MOST of Zimbabwe’s pensioners are singing the blues, with information from the National Social Security Authority (Nssa) showing that most retired workers are earning monthly payouts ranging from US$18 and US$46 per month, The NewsHawks has learnt.
The social security agency has been paying a ZW$42 741 monthly retirement pension, which translates to US$46.76 using the US$1:ZW$914 official rate.
This was revealed by Nssa’s deputy director for social protection, Shepherd Mupesa, in his presentation on the overview of the pensions and other benefits scheme at a Zimbabwe-Mozambique engagement programme in Harare this week.
Nssa is also paying out ZW$17 096 (US$18.70) monthly under the invalidity pension fund, which is availed to people who suffer from permanent invalidity. The amount is also equal to the survivors’ monthly payout of ZW$17 096 (US$18.70).
Worsening livelihoods have also been highlighted by an increase in inactive members of society, which Mupesa said reflects the informalisation of the national economy.
According to Nssa’s official statistics, there are a total of 36 307 employer organisations, of which 1 223 894 members are active while 1 816 685 are inactive.
It is also estimated that only 24.3% of the population aged 65 and above are receiving pensions through the Pensions and Other Benefits Scheme (POBS), a mandatory contribution towards social security by individuals mainly working in a formal profession, trade or occupation.
Several Zimbabwean workers across various pension schemes have been reeling under dysfunctional schemes, which has seen people wallowing in poverty.
For instance, former Redcliffe workers are yet to get their pensions, five years after being retrenched without severance packages.
Workers’ unions have been calling on the government to honour the 2015 Smith commission of inquiry report, to give the insurance and pensions industry a transparent process for addressing challenges encountered in converting pensions and insurance benefits from the Zimbabwe dollar to the United States dollar in 2009. The commission was initiated to compensate pensioners across all sectors of the economy who retired between 2007 and 2009.
The pensioners lost their lumpsums due to adverse hyper-inflation which wiped out their balances in banks.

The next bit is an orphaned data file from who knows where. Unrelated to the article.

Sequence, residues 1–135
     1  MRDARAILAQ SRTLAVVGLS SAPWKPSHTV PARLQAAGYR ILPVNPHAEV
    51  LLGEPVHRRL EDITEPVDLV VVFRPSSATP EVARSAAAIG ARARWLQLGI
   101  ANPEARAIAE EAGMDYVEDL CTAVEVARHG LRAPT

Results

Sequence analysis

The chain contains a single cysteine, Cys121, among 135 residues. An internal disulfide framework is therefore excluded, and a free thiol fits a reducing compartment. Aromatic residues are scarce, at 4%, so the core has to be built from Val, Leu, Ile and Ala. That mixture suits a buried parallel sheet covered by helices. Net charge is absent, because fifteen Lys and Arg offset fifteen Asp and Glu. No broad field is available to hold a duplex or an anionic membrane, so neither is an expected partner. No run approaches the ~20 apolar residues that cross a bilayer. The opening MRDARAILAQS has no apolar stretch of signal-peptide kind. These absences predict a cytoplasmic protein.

Upon the demonetisation of the Zimbabwe dollar, some pensioners only received as little as US$5 as their one-third lumpsum benefit.
To date, little has been done to cover the loss.
Workers, previously under the Cold Storage Company (CSC) are reeling after failing to access their pensions following their retrenchment in 2019 by the investor, Boustead Beef.
After undertaking to shore up the CSC, a loss-making parastatal, the United Kingdom-based company undertook to capitalise the company’s pension fund in line with an agreement with a Joint Farming Concession Agreement (LJFCA) with the government.
CSC-Boustead Beef, which promised to inject US$130 million in five years from 2019, has injected little capital into the venture, with workers and pensioners failing to access outstanding remittances and pensions.
In 2018, Nssa expressed interest, as an equity investor, to inject up to US$14.3 million that would see the revival of the CSC.
However, the state-run social security agency ceased to be part of the venture in 2019.
After taking over the CSC in 2019, Boustead Beef was obliged to pay outstanding salaries and pensions owed to the company’s workers as agreed in the Livestock Joint Farming Concession agreement (LJFCA) signed in January 2019 between the company and the ministry of Agriculture.
According to the agreement, Boustead Beef would: “Takeover and retire the entire inherited CSC legacy debt as outlined in the High Court of Zimbabwe case number 3099/17, scheme of agreements as per the negotiated payment plan.”
With accumulated debt of over US$33 million since 2009, the CSC owed its current employees US$2 074 948 in salaries and US$4 443 104 in pension funds by 2018, according to the High Court order of agreement.
Workers’ committee members say the company has failed to inject a total of US$290 000 into the pension fund, leaving the workers stranded.